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   Re: [xml-dev] Re: Flexible Schemas (was RE: [xml-dev] The task to be sol

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----- Original Message -----
From: "Elliotte Rusty Harold" <elharo@metalab.unc.edu>
To: <xml-dev@lists.xml.org>
Sent: Saturday, January 19, 2002 11:35 PM
Subject: Re: [xml-dev] Re: Flexible Schemas (was RE: [xml-dev] The task to
be solved by RDDL)

> At 4:57 PM -0800 1/19/02, Dare Obasanjo wrote:
> >I believe the thrust of Nicolas' question is where to find the RDDL
> >for an XML file that utilizes names from multiple namespaces. No one has
> >proposed a *concrete* answer to that question yet although the designers
> >RDDL may consider this to be beyond the design goals of RDDL which is
> >reasonable.
> >
> There is no such document. One more time: A RDDL document describes a
> namespace name, not a document.

Well, I said I wouldn't reply to each message, but... One more time : WE
KNOW that a RDDL document only describes a namespace. What we are trying to
explain from the beginning is that this is not sufficient, and that in its
examples RDDL try to make us think that RDDL could be used to automatically
fetch schemas for unknown XML document types. Hence the 'silver-bullet'
effect, and the enthusiasm of people about RDDL. If people weren't made to
think that describing a namespace would help them to describe document
types, I'm sure they would not be so enthusiastic about RDDL.

Not that I'm jealous or anything ;). It is just that while the hype grows on
RDDL, we are losing precious time that could be dedicated to the problem of
describing document type. I think that describing document types should be
addressed before describing namespaces, not the contrary.


> >Such as obtaining the W3C XML schema for validating this document or
> >all the normative references that apply to the document.
> It may not be possible to do this. RDDL makes no guarantees about
> which resources exist for any given namespace. It simply provides a
> convenient way to list those resources that do exist. However, you
> could try this, which would work provided all the namespace
> maintainers have put RDDL documents locating schemas for their
> namespace at the namespace URLs:
> 1. Start at the root element of the document.
> 2. Load the RDDL document for its namespace. Search that document for
> the rddl:resource element whose xlink:role and xlink:arcrole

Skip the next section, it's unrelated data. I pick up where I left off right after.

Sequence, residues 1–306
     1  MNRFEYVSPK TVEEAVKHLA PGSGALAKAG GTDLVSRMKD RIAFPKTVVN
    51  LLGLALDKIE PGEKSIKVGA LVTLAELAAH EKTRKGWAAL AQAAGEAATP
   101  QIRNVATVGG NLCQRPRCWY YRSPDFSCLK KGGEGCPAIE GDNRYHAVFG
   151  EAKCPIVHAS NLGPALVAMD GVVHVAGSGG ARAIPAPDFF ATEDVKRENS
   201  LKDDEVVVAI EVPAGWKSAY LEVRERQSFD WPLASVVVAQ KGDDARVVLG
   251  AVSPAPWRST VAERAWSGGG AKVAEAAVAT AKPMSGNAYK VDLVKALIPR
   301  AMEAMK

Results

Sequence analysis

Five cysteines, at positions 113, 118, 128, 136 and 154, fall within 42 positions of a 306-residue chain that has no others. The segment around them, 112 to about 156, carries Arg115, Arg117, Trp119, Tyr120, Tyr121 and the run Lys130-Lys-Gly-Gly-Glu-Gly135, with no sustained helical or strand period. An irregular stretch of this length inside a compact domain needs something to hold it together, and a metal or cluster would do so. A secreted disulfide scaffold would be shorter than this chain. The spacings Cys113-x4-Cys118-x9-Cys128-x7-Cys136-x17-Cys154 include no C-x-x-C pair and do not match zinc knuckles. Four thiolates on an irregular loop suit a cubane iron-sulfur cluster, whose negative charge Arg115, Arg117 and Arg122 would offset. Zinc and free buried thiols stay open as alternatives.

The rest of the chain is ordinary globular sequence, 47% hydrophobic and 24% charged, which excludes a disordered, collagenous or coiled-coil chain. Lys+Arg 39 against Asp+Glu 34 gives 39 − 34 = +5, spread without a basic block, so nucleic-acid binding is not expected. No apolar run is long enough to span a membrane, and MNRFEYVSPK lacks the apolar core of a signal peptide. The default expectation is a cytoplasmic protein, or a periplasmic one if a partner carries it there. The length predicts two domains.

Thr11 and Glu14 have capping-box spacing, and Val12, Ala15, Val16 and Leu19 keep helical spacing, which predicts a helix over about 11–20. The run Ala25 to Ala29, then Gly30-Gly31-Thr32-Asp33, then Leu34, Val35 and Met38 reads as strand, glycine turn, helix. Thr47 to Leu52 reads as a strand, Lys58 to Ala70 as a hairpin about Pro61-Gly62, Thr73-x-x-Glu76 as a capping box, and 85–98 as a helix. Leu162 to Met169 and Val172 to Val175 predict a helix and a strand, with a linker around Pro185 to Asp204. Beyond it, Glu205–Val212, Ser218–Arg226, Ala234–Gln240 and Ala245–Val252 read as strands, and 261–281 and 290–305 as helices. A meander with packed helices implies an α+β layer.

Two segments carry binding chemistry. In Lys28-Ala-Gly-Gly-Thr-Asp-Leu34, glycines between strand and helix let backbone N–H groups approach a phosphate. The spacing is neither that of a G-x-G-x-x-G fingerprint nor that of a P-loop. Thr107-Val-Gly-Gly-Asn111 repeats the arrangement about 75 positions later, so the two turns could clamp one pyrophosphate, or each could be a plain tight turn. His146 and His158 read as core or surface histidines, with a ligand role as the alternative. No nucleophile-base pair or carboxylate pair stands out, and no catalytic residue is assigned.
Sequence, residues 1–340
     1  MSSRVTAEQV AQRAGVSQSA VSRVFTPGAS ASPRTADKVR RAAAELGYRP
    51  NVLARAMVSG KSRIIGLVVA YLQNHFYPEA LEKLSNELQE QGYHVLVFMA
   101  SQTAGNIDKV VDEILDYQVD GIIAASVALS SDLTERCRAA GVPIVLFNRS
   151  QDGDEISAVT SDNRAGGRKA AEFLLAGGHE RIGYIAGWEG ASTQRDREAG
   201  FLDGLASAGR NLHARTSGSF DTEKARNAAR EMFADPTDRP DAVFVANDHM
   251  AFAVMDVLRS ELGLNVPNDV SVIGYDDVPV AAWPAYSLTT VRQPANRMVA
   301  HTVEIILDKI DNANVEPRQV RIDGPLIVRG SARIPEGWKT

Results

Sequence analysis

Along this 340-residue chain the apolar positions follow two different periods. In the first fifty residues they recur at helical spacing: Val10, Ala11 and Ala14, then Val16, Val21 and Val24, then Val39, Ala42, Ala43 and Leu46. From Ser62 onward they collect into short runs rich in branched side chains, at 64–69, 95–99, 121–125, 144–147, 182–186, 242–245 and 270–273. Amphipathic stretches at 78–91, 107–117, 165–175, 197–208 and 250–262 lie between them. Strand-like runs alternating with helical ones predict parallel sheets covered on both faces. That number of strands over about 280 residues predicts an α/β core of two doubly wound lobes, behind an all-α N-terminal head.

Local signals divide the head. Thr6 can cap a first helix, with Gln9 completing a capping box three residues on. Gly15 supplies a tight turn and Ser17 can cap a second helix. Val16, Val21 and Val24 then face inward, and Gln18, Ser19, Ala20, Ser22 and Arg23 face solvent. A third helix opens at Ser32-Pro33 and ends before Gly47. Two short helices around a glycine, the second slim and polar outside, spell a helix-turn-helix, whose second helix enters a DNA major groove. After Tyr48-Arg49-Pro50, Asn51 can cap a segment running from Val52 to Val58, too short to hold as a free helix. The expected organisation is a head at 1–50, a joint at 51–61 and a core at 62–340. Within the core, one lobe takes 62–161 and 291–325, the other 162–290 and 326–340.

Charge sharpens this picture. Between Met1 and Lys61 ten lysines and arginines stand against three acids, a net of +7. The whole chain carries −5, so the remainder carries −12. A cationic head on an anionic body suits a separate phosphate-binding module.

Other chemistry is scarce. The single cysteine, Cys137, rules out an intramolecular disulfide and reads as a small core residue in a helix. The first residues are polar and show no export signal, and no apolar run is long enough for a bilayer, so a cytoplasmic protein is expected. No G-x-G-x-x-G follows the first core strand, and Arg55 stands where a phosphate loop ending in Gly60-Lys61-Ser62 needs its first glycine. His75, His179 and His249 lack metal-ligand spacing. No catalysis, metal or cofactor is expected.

> attributes indicate a schema of the type you want.
> 3. Use the xlink:href attribute of that rddl:resource element to
> locate the URL for the schema that applies to the root element.
> 4. Apply that schema to the root element.

This won't work for http://www.rddl.org/. You'll try to validate the
document against the XHTML schemas (since the root element is from the XHTML
namespace), and you'll get a validation error as soon as the validator will
encounter RDDL elements. Please forget about trying to find an algorithm.
There is none. You summed it up perfectly : RDDL is for namespaces only. It
won't work for document types. So let's try to solve the problem of document
types together.

> At this point with some schema languages, e.g. DTDs, we're
> effectively done, because validity is equivalent to validity of the
> root element. However, for those schema languages where this is not
> the case, recursively apply the algorithm to all the child elements
> of the root element (and their children, and their children's
> children, and so forth)

If I only load the RDDL document matching the root element's namespace, I'll
validate the document against the XHTML DTD. Missed. If I load all the RDDL
documents of all namespaces that I can find, I'll have two DTDs with the
same root element : the XHTML DTD, and the RDDL DTD. Which one do I use ?
Once again, namespaces are not a substitute to document types, neither is
the QName of the root element of a document.

> This all assumes that the necessary RDDL documents are in the right
> place and have the right rddl:resource elements that point to schemas
> written in the desired schema language; that these schema documents
> are syntactically correct, that the network hasn't gone down, and a
> dozen other constraints, none of which RDDL addresses, but that's OK.
> RDDL, like XML, is an enabling technology. It allows namespace
> purveyors to implement this scheme if they choose. It does not
> mandate that they do so.
> Liek XML itself, we can't force people to use RDDL. Also like XML, if
> a lot of people are doing similar tasks, then they'd probably rather
> use RDDL and standard tools than reinvent their own solutions.

I hope you have understood that I'm OK with RDDL for namespace description
(apart a few critics). But it is only provided that RDDL is not used for
what is not meant, i.e. a substitute for a resource directory for document

Best regards,

> +-----------------------+------------------------+-------------------+
> | Elliotte Rusty Harold | elharo@metalab.unc.edu | Writer/Programmer |
> +-----------------------+------------------------+-------------------+
> |          The XML Bible, 2nd Edition (Hungry Minds, 2001)           |
> |              http://www.ibiblio.org/xml/books/bible2/              |
> |   http://www.amazon.com/exec/obidos/ISBN=0764547607/cafeaulaitA/   |
> +----------------------------------+---------------------------------+
> |  Read Cafe au Lait for Java News:  http://www.cafeaulait.org/      |
> |  Read Cafe con Leche for XML News: http://www.ibiblio.org/xml/     |
> +----------------------------------+---------------------------------+
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